While February 14 has traditionally served as a day to exchange love notes and candy hearts, this year it will mark a painful American tragedy: the one-year anniversary of the shooting at Marjory Stoneman Douglas High School in Parkland.
Memories of that heart-wrenching day will likely evoke the “Anniversary Effect” – sometimes called Anniversary Reactions or Anniversary Trauma – which is a behavioral phenomenon that occurs when a person experiences psychological distress on or about the anniversary of a major negative life event. The person might suddenly display signs of depression, including sadness; loss of interest in routine activities or hobbies; lack of pleasure, sleep or appetite changes; and fatigue. Early detection and treatment of these symptoms is vital in lessening trauma’s devastating impact as much as possible. Noticing signs is particularly important with children experiencing anniversary reactions, as depression can manifest in different ways than it does in adults.
With my own patients, I have seen symptoms surface on the anniversary of a loved one’s death, or even on the birthday of someone who has passed. Left untreated, these feelings can intensify and impede day-to-day functioning. To help trauma survivors cope with these emotions, we must be proactive and provide support to those suffering. Swift action is particularly crucial with the Parkland tragedy, as the effects of trauma can be even more devastating for young survivors.
- Step One: Ask your child if his or her school is discussing the Parkland tragedy. If so (or even if it’s not), ask open-ended questions to determine mood, fears or concerns, noting anything unusual. Questions like, “How have you been feeling lately?” or “What have you and your friends been talking about?” may help encourage your child to open up. It’s also important to keep in mind that just because children aren’t talking about an event doesn’t mean they aren’t thinking about it. Don’t be afraid to ask them directly if the tragedy has been on their mind. Open conversations like these can help assure your child that they can always approach you with questions or feelings, and that their emotions are normal.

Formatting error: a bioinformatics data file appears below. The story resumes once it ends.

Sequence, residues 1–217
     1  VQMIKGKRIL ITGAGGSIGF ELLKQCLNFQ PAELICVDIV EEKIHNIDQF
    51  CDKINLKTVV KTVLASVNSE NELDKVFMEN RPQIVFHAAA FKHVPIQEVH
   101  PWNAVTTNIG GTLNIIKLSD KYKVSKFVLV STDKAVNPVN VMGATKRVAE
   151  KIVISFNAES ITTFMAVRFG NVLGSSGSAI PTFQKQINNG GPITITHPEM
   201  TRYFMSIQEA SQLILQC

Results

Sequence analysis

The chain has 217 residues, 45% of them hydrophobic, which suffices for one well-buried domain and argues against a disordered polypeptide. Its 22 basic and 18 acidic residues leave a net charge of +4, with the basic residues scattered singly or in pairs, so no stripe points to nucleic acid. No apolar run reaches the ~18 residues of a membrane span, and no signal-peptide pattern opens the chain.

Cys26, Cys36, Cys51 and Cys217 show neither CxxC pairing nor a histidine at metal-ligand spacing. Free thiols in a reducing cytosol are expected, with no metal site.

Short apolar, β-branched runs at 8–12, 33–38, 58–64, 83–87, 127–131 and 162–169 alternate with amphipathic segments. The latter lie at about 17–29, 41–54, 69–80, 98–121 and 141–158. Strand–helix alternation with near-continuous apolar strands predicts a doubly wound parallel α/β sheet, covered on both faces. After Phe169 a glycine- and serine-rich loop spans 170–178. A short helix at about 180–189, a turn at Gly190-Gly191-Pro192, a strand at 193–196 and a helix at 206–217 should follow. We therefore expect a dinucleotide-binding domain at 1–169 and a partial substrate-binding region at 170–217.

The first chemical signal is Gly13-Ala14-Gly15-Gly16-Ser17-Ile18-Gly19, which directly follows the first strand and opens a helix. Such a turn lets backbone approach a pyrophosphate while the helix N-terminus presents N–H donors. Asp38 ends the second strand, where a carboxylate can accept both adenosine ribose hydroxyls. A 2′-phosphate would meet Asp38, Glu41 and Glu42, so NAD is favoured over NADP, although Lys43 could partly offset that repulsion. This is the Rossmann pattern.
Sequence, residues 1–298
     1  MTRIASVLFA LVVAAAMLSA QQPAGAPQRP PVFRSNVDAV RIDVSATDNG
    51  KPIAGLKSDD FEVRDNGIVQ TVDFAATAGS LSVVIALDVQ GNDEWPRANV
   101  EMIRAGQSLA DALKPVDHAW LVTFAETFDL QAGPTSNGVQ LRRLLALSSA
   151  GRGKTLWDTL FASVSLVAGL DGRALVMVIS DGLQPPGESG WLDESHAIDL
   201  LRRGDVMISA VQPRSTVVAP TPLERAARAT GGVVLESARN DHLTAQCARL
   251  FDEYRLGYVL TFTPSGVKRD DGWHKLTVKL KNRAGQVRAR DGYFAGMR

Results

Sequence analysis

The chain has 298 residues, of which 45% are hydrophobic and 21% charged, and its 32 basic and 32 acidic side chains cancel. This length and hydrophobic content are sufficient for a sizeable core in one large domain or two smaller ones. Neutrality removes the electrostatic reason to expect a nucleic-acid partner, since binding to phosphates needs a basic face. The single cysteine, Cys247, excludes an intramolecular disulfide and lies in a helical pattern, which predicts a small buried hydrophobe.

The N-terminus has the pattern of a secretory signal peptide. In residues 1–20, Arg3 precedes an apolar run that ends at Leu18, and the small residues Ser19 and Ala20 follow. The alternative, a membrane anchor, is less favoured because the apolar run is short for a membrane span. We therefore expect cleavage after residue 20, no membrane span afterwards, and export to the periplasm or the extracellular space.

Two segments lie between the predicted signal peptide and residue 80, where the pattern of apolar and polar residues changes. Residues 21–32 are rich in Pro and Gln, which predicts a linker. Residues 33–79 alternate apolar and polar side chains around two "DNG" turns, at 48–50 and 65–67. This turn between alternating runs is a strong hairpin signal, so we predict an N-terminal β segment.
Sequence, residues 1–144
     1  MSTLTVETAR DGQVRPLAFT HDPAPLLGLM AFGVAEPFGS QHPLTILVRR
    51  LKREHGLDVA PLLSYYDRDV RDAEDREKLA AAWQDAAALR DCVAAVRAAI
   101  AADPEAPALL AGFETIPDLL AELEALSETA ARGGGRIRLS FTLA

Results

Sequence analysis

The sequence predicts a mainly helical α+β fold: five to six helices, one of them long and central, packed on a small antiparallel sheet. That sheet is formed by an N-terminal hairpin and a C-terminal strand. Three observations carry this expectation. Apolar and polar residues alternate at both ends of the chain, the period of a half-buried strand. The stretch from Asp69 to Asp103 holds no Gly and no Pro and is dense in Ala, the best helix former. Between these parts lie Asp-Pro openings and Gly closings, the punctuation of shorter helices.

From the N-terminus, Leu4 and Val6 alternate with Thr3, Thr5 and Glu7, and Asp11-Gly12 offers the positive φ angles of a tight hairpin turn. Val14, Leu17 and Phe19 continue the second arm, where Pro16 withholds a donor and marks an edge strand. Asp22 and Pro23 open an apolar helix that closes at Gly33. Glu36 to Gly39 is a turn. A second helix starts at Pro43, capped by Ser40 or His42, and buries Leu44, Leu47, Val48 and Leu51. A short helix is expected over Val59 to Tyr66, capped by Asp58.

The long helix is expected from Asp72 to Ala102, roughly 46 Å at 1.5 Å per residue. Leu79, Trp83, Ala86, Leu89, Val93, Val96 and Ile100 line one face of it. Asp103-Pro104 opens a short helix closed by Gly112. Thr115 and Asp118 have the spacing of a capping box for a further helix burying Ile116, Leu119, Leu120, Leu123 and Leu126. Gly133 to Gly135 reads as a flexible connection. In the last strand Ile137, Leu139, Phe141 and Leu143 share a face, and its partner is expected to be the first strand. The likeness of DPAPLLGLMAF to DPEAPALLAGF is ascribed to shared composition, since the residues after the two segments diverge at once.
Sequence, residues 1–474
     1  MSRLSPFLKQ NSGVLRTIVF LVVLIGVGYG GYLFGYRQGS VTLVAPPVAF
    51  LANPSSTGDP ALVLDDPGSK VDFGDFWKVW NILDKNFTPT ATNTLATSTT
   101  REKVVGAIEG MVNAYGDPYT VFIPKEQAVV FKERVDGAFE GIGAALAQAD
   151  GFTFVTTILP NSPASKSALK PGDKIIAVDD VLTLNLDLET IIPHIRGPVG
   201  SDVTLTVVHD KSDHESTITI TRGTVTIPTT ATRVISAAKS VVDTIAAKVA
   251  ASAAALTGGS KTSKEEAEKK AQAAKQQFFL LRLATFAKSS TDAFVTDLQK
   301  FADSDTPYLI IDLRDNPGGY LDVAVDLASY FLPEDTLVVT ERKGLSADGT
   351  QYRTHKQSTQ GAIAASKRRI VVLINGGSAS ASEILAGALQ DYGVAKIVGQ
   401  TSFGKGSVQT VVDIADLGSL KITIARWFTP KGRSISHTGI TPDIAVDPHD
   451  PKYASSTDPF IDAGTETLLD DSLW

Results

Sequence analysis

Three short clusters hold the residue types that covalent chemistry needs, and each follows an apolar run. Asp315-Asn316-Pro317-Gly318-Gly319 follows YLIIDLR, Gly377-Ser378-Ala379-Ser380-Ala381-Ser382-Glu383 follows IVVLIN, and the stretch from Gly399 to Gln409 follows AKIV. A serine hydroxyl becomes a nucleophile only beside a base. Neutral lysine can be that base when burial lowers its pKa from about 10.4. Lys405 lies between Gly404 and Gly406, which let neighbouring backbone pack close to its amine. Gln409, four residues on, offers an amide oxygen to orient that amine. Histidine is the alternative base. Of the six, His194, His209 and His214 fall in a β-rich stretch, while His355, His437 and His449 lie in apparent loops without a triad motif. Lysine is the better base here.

- Step Two: At the same time, don’t neglect your own fears. After Parkland, a good friend of mine expressed heightened anxiety about the safety of her three-year-old son, who was attending a nearby preschool. She even home-schooled him until she felt less afraid. As the Parkland anniversary nears, be alert to any physical or emotional distress signals and provide support as appropriate.
- Step Three: If either you or your child are expressing signs of acute trauma, seek the support of a healthcare professional immediately. Parents know their children well, so if you suspect your child is suffering, you’re likely right. Be sure to normalize the need for help so your child doesn’t feel uncomfortable or singled out. If you already have a primary care physician, request that they connect you to a qualified professional. If one isn’t available, you can find information and guidance from organizations like the National Council for Behavioral Health or specialized publications such as Psychology Today. It may also be helpful to ask family or friends for trusted recommendations.
Anniversary trauma is a real crisis that cannot be dismissed as a fleeting or inconsequential issue. Like any emotional trauma, anniversary reactions often connect with subconscious fears, which can lead to even more intense anxieties if not addressed by a mental health professional. The risk of not seeking treatment often outweighs the risk of asking for help.
As February 14 approaches, make sure to recognize the somber feelings associated with the anniversary of the Parkland shooting—and let your loved ones know you’re there to support them every day of the year.